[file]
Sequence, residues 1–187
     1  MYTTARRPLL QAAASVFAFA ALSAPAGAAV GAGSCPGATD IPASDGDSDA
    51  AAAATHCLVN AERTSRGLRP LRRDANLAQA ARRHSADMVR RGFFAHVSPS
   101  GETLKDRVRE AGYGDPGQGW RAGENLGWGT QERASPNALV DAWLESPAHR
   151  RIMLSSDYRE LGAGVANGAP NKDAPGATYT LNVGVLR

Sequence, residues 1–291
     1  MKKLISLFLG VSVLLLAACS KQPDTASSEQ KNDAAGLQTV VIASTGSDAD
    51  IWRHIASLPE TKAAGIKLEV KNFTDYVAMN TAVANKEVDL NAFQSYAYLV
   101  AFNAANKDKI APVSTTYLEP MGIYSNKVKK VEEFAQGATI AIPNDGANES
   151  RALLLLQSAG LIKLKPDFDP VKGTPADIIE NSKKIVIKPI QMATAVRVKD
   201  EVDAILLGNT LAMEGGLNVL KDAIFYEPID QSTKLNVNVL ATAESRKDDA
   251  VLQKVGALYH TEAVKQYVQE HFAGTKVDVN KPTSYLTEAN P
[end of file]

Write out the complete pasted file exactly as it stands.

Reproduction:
Sequence, residues 1–187
     1  MYTTARRPLL QAAASVFAFA ALSAPAGAAV GAGSCPGATD IPASDGDSDA
    51  AAAATHCLVN AERTSRGLRP LRRDANLAQA ARRHSADMVR RGFFAHVSPS
   101  GETLKDRVRE AGYGDPGQGW RAGENLGWGT QERASPNALV DAWLESPAHR
   151  RIMLSSDYRE LGAGVANGAP NKDAPGATYT LNVGVLR

Sequence, residues 1–291
     1  MKKLISLFLG VSVLLLAACS KQPDTASSEQ KNDAAGLQTV VIASTGSDAD
    51  IWRHIASLPE TKAAGIKLEV KNFTDYVAMN TAVANKEVDL NAFQSYAYLV
   101  AFNAANKDKI APVSTTYLEP MGIYSNKVKK VEEFAQGATI AIPNDGANES
   151  RALLLLQSAG LIKLKPDFDP VKGTPADIIE NSKKIVIKPI QMATAVRVKD
   201  EVDAILLGNT LAMEGGLNVL KDAIFYEPID QSTKLNVNVL ATAESRKDDA
   251  VLQKVGALYH TEAVKQYVQE HFAGTKVDVN KPTSYLTEAN P